Eggs, Milk and Honey: Law, Social Justice and Biomarkets

09 Jul to 10 Jul

Coordinators: Cressida Limon (Western Sydney University)

Description of the meeting

This workshop follows on from the inaugural ‘Eggs, Milk and Honey: Law and Global Biocommodities’ workshop held at Western Sydney University, Australia in September 2018. The aim of the workshop was to bring together researchers with an interest in critical approaches to the analysis of Law and laws with regard to the circulation of body parts and substances (fluids, tissues, eggs, etc). For shorthand we call these materials ‘bio-commodities’, acknowledging that this is a contested and problematic terminology, and that what is seen as a ‘natural product’, of what is ‘discovered’ or ‘invented,’ ‘grown’ or ‘made’; what belongs to an animal or human life or what gets detached from life, is not clear-cut. Our agenda was to think beyond the doctrinal forms of contract and private property; public and private international law, and to highlight the gendered, racialised and ‘humanised’ dimensions of the trade in bio-commodities.

The second workshop will be held in July 2020, hosted by the Oñati International Institute for the Sociology of Law (IISL) in Spain, with the aim of engaging additional researchers who can bring new perspectives to this work. We are hoping to extend the conversation to include further philosophical and technology studies analyses of bio-commodities and their regulation, enabling reflections on what this means for our understanding of law and regulation. The discussion will necessarily be interdisciplinary, but we are happy to include papers that are not. Our aim is to arrive at some shared ideas about how law shapes the ideological and material political economies in which materials become produced as bio-commodities.

As a brief background, particularly for new participants, the first workshop included the following themes:

  • Classical political economy: Bio-commodities are not simply a creature of late 20th century bio-techno-science but have a much longer history - agriculture being the archetype - and in that sense also related to particular concepts of ‘history’, ‘progress’ and to specific forms of law. Here, we were interested in analyses that addressed the formations of the early capitalist and industrial revolution, and the relevance to contemporary understandings of law and the biosciences.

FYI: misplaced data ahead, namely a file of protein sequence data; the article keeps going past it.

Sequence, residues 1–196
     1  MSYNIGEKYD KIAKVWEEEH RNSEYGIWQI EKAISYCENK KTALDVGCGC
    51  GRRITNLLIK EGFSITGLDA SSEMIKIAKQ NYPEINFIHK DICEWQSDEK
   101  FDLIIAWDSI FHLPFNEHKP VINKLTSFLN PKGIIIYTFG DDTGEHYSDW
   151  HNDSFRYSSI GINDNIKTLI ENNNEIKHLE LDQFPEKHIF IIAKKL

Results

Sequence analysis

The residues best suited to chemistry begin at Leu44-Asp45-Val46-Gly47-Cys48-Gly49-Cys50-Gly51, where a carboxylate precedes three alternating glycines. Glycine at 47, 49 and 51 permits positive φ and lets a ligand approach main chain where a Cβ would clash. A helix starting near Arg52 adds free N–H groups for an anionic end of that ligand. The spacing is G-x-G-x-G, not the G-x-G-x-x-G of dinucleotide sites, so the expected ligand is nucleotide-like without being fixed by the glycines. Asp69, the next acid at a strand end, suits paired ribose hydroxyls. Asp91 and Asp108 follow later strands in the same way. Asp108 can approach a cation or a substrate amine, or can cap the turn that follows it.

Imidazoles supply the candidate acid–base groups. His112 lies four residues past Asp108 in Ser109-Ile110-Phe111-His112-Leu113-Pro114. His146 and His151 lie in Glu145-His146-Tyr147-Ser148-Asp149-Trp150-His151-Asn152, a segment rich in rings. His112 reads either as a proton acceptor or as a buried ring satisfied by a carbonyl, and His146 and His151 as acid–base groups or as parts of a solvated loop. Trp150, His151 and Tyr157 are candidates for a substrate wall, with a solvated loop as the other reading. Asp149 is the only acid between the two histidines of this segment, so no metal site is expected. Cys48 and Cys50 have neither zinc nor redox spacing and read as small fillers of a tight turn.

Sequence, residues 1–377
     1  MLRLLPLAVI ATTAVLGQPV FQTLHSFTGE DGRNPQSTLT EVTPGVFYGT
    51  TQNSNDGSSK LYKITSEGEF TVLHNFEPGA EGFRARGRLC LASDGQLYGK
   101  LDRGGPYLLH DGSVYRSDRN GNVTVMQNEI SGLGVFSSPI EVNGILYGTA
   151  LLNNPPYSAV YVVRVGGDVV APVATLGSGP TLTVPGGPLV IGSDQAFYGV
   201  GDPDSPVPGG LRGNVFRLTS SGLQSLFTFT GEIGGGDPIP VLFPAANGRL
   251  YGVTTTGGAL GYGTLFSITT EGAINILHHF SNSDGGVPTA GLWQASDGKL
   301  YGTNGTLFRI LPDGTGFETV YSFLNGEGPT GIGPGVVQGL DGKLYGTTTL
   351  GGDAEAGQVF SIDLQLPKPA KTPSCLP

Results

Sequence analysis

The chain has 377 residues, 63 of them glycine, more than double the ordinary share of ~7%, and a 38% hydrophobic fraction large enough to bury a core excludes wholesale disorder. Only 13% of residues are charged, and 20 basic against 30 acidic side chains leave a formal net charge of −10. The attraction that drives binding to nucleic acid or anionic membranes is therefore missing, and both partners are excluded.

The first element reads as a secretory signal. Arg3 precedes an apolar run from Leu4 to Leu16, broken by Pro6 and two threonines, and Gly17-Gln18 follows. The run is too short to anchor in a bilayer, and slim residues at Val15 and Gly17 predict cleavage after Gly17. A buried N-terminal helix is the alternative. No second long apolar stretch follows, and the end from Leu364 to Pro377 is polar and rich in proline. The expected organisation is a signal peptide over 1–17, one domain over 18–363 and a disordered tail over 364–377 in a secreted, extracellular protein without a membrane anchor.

• Taxonomies, responsibilities and justice: We examined how law has organized, regulated, responded to, and created the conditions for the global markets in biocommodities, and how this has shaped our understanding and expectation of the world in which we live.
  • Bioavailability, surplus life, and bio/necropolitics: Lawrence Cohen, who first adopted the term ‘bioavailability’ in 2005, observed that human kidney sales in India actually became easier after the Indian government passed legislation that made it unlawful to sell solid human organs thanks to the creation of legal ‘exceptions’ to the ban. In like manner, payment for human oocytes is commonly prohibited domestically and yet the market is flourishing globally. We discussed what the globalisation of bio-commodities reveals (or conceals) about law and biopolitics.
  • Consumption, law and desire: Marketing and hyper-consumption has led to symbolic misery, as well as to a global economic war (Stiegler).  We are living in an epoch of hyper-industrialism where proletarianisation is generalized.  With the mechanical industrial revolution the producer (worker) lost his (as was assumed at the time) savoir faire and now the consumer has lost her savoir vivre. We looked at how law and ethics/justice might contribute to a new critique of political economy detoxifying consumer capitalism.
  • State formations, kin relations and markets: Finally, we considered the legal regulation of the global economy through the histories of specific biocommodities and their imbrication in state-formation processes and kin relations. Specifically, we were interested in the trans-global networking generally entailed in the consolidation of key bio-commodity markets. We examined the relationships between colonialism, the nation state and the corporation in the creation and maintenance of markets, and discussed how lived realities of work and family (labour and kin) respond to these forces.

In our second workshop we will look at the complexities of the trade in body parts within increasingly industrialised and digitised markets. Below are some broad themes - please note that the topics mentioned are only indications of what could be covered in proposed papers:

  • Law, sociotechnical imaginaries and political economy: Law and science and technology studies (STS) have a complex interaction.  We are interested in analyses that address these complexities in practice and their relevance to contemporary understandings of law and the biosciences.  This includes theories of co-production (Jasanoff), expertise,  ANT, etc.
  • The laws and technologies of surplus, excess and/or waste: The language of banking and insurance, saving for the future, etc, is another example of the economies of hope and hype. We are interested, for example, in analyses relating to the cryopreservation of eggs and other methods of selection and storage of biological materials and beings.
  • Philosophies of materials, parts and exchange: Recognising the overlaps among and between our key themes, we are also interested in research that addresses materialism, psychosocial imaginations of the body, and anthropological theories of exchange in relation to different legal traditions, histories and theories.
For more information: 

Malen Gordoa Mendizabal

IISJ (Meetings)
Avenida de la Universidad, 8
Apartado 28
20560 Oñati (Gipuzkoa) - Spain
T: +34 943 71... Ver teléfono
E: m.gordoa@iisj.es
  @IISJOnati